The Navy Point also can be used somewhat like parallel rules to lay out and measure courses. If aligned carefully with the magnetic compass rose on inland and coastal charts, it can lay out magnetic courses.

Because the arms (which are easily demounted for use as straightedges) are 19-1/2" long, you’d need a fairly big chart table (and some practice) to make good use of this interesting gadget. It’s a tight squeeze on the BBA Chart Kits, which are 17" x 22".

The Navy Point is offered at $49.95 list. (Simpson Lawrence USA, 6208 28th Street East, Bradenton, FL 34203-4123; 800/846-3527.)


Sea Fan—Practical Wind Scoop
In the marine world, something pops up occasionally, just once in a while, mind you, that’s not only good but cheap. It provides a rush of pleasure, sort of like finding while testing a bunch of gear that the best one isn’t the most expensive. Doesn’t happen often. Not here, either.

The Sea Fan is a flexible piece of molded polypropylene shaped a bit like a fan. When the thing is curled up, flanges on two edges slip in and clamp securely inside the outer frame of an open portlight. When in place, it makes a fairly large and surprisingly effective wind scoop. It works best, of course, when at anchor. If docked, the direction of the wind could nullify the ventilating effect. And, of course, one might go overboard if snagged by an errant foot making its way aft along the side deck. However, the Sea Fan floats…and, being flat, is easy to stow.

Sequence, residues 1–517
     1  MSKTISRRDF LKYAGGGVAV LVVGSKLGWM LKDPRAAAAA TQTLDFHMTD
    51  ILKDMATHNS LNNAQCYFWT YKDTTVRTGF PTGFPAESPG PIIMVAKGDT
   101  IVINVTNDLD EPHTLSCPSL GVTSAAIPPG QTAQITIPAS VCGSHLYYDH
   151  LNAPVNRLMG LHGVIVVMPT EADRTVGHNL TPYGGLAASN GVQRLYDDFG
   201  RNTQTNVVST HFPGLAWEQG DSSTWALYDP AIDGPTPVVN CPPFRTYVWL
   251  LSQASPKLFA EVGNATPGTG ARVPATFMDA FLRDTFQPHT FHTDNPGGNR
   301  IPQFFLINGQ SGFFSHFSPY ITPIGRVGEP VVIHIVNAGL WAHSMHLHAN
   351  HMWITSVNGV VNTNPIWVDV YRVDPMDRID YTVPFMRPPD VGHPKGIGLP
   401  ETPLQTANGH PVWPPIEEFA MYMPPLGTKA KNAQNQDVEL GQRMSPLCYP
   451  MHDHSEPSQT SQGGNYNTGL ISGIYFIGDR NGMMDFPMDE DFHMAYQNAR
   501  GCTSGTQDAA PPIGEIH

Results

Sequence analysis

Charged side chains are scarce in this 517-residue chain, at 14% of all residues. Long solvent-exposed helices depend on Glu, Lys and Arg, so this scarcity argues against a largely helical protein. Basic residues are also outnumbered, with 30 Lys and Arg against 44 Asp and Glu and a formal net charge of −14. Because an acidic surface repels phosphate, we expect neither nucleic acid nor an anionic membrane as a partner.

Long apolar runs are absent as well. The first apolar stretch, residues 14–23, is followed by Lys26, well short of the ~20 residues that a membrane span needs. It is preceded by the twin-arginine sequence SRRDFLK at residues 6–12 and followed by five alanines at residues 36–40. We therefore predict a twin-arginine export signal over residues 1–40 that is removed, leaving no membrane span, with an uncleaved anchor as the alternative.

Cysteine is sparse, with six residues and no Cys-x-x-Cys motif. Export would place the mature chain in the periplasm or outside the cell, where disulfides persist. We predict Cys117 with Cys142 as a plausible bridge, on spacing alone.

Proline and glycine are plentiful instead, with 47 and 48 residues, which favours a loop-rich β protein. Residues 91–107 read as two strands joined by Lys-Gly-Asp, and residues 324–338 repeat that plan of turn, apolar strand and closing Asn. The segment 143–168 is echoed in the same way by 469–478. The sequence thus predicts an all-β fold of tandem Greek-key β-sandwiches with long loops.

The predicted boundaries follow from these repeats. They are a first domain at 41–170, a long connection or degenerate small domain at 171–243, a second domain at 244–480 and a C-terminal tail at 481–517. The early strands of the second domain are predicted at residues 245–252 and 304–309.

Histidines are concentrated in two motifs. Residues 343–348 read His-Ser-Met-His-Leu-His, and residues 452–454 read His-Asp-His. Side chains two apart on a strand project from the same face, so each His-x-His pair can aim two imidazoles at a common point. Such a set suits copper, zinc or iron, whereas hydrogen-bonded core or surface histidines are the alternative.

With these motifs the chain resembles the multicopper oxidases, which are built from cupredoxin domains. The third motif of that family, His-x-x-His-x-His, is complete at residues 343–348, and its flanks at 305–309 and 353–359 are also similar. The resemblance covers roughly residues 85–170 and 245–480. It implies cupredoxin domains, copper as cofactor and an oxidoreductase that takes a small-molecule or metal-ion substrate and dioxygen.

Two of these gadgets on a 27-footer or four of them on a boat with enough portlights would move an appreciable amount of air—as long as there’s a breeze. If your portlights permit, Sea Fans can be used when it’s raining (but not pouring or blowing hard).

The inventors are John Tomasko and Matthew DeGiglio, a couple of New Jersey sailors, whose third partner is Richard Palmeiri.